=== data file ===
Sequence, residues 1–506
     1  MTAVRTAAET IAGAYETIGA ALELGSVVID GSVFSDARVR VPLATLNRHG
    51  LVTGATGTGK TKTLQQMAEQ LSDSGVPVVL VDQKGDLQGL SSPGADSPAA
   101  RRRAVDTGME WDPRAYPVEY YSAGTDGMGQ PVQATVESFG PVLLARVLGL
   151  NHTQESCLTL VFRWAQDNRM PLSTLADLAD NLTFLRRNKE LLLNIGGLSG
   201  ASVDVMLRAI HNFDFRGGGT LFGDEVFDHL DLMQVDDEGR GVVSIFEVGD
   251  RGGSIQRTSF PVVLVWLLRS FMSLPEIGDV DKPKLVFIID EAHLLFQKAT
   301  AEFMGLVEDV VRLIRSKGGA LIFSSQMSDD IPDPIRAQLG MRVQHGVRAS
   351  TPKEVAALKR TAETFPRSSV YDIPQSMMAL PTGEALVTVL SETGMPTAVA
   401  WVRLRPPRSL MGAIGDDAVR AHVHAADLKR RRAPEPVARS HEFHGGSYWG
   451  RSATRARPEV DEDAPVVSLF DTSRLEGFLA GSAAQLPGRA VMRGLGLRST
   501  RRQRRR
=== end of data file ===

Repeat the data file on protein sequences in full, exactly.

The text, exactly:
Sequence, residues 1–506
     1  MTAVRTAAET IAGAYETIGA ALELGSVVID GSVFSDARVR VPLATLNRHG
    51  LVTGATGTGK TKTLQQMAEQ LSDSGVPVVL VDQKGDLQGL SSPGADSPAA
   101  RRRAVDTGME WDPRAYPVEY YSAGTDGMGQ PVQATVESFG PVLLARVLGL
   151  NHTQESCLTL VFRWAQDNRM PLSTLADLAD NLTFLRRNKE LLLNIGGLSG
   201  ASVDVMLRAI HNFDFRGGGT LFGDEVFDHL DLMQVDDEGR GVVSIFEVGD
   251  RGGSIQRTSF PVVLVWLLRS FMSLPEIGDV DKPKLVFIID EAHLLFQKAT
   301  AEFMGLVEDV VRLIRSKGGA LIFSSQMSDD IPDPIRAQLG MRVQHGVRAS
   351  TPKEVAALKR TAETFPRSSV YDIPQSMMAL PTGEALVTVL SETGMPTAVA
   401  WVRLRPPRSL MGAIGDDAVR AHVHAADLKR RRAPEPVARS HEFHGGSYWG
   451  RSATRARPEV DEDAPVVSLF DTSRLEGFLA GSAAQLPGRA VMRGLGLRST
   501  RRQRRR